Test: Class 8 History NCERT Based- 4


30 Questions MCQ Test NCERT based Tests for UPSC CSE | Test: Class 8 History NCERT Based- 4


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QUESTION: 1

Consider the following statement in the context of Blue Rebellion:

1. Local zamindars supported the ryots in rebellion.

2. Zamindars were annoyed with the increasing power of the planters

Which among them is/are not correct?

Solution: All are correct. In many villages, headmen who had been forced to sign indigo contracts mobilised the indigo peasants and fought pitched battles with the lathiyals. In other places, even the zamindars went around villages urging the ryots to resist the planters. These zamindars were unhappy with the increasing power of the planters and angry at being forced by the planters to give them land on long leases.

QUESTION: 2

Who declared Bahadur Shah Zafar II as the last Mughal Emperor?

Solution: In 1856, Governor-General Canning decided that Bahadur Shah Zafar would be the Mughal king.

QUESTION: 3

Regarding Wood's Despatch, Consider the following statements:

1. It argued that literature of East India Company would improve the moral character of Indians

2. Education departments of the government were abolished under this system.

Which of the following is/are correct?

Solution:
  • Wood’s Despatch argued that European learning would improve the moral character of Indians. It would make them truthful and honest, and thus supply the Company with civil servants who could be trusted and depended upon. The literature of the East was not only full of grave errors.

  • Following the 1854 Despatch, several measures were introduced by the British. Education departments of the government were set up to extend control over all matters regarding education.

QUESTION: 4

Consider the following pairs:

1. Jute - Bengal

2. Tea - Assam

3. Sugarcane - Maharashtra

4. Rice - Punjab

Which of the following is/are correctly matched as per crop produced in India for Europeans?

Solution: Jute in Bengal, tea in Assam, sugarcane in the United Provinces (now Uttar Pradesh), wheat in Punjab, cotton in Maharashtra and Punjab, rice in Madras.

QUESTION: 5

On what grounds Awadh was annexed by Britishers?

Solution: Awadh was one of the last territories to be annexed. In 1801, a subsidiary alliance was imposed on Awadh and in 1856 it was taken over. Governor-General Dalhousie declared that the territory was being mis-governed and British rule was needed to ensure proper administration.

QUESTION: 6

Consider the following pairs regarding weaver communities of India:

1. Tanti - Bengal

2. Momin - Hyderabad

3. Devangs - South India

Which of the following is not correctly matched?

Solution: The tanti weavers of Bengal, the julahas or momin weavers of north India, sale and kaikollar and devangs of south India are some of the communities famous for weaving.

QUESTION: 7

Consider the following statement regarding Permanent Settlement.

1. It was introduced by the British in 1793.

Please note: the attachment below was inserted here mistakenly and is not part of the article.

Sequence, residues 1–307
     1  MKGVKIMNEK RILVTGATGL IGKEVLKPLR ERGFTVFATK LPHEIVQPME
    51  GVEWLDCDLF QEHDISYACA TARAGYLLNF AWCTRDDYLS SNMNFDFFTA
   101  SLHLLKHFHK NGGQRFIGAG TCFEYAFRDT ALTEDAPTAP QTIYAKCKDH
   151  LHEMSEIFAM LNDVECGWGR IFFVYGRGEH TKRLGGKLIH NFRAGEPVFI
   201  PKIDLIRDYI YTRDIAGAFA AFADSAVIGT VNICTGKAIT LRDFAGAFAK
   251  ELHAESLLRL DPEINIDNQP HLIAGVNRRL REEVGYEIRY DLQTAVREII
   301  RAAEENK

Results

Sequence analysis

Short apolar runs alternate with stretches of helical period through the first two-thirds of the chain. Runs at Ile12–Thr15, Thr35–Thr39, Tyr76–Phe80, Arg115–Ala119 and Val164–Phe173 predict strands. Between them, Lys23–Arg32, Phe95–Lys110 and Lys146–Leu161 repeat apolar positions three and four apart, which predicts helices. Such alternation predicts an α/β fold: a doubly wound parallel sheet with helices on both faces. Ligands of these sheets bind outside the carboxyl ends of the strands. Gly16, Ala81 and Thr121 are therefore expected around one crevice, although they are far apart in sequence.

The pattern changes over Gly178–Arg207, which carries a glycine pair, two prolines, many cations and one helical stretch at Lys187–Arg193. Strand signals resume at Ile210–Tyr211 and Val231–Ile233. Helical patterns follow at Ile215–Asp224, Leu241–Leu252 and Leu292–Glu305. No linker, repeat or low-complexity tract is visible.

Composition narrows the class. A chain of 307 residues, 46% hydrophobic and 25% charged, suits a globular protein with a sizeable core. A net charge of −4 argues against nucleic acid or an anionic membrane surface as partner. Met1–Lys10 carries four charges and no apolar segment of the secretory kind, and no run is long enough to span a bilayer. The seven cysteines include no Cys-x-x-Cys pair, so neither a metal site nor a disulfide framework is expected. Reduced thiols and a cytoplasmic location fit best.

2. Revenue was collected without the involvement of intermediaries.

Which of the following statements is/are correct?

Solution: The Company introduced the Permanent Settlement in 1793. By the terms of the settlement, the rajas and taluqdars were recognised as zamindars. They were asked to collect rent from the peasants and pay revenue to the Company. So there was the involvement of intermediaries.

QUESTION: 8

Consider the following statement with reference of Aftermath of the 1857 revolt?

1. British crown was assumed as directly responsible for Indian Administration.

2. Policy of annexation ended.

3. Land of Zamindars and Landlords were confiscated on a large scale.

Which of the following statements is/are correct?

Solution: Land and property of Muslims were confiscated on a large scale. Policies were made to protect landlords and zamindars and give them the security of rights over their lands.

QUESTION: 9

Word "Calico" coined by Europeans was in general refers to:

Solution: When the Portuguese first came to India in search of spices they landed in Calicut on the Kerala coast in south-west India. The cotton textiles which they took back to Europe, along with the spices, came to be called “calico” (derived from Calicut), and subsequently calico became the general name for all cotton textiles.

QUESTION: 10

Why Mughal Empire appoint the East India Company as Diwan of Bengal in 1765?

Solution:
  • Shah Alam II was the Mughal emperor who appointed the East India Company as the diwan of Bengal on 12 August 1765. This was done as a part of the "Treaty of Allahabad".

  • This treaty was signed after the combined forces of "Shah Alam II", "Nawab of Bengal" and "Nawab of Awadh" were defeated in the Battle of Buxar. As per the treaty, the "East India Company" got the "rights to collect taxes" from the "east province of Bengal.

QUESTION: 11

Consider the following pairs:

1. Jhansi - Rani Laxmibai

2. Lucknow - Khan Bahadur

3. Bihar - Kunwar Singh

4. Faizabad - Bakht Khan

Solution: 1 and 3 are correct. In Lucknow, Birjis Qadr, the son of the deposed Nawab Wajid Ali Shah, was proclaimed the new Nawab. In Faizabad, Ahmadullah Shah a maulvi was proclaimed as new leaders

QUESTION: 12

Consider the following Statements:

1. The Calico Act was passed by the British government to increase duty on import of cotton textiles to England.

2. When the English East India Company gained political power in Bengal, they used copper coins instead of silver to buy Indian goods.

Which of the following statements is/are correct?

Solution: In 1720, the British government enacted legislation banning the use of printed cotton textiles – chintz – in England. Interestingly, this Act was known as the Calico Act. When the English East India Company gained political power in Bengal, it no longer had to import precious metal to buy Indian goods. Instead, they collected revenues from peasants and Zamindars in India and used this revenue to buy Indian textiles.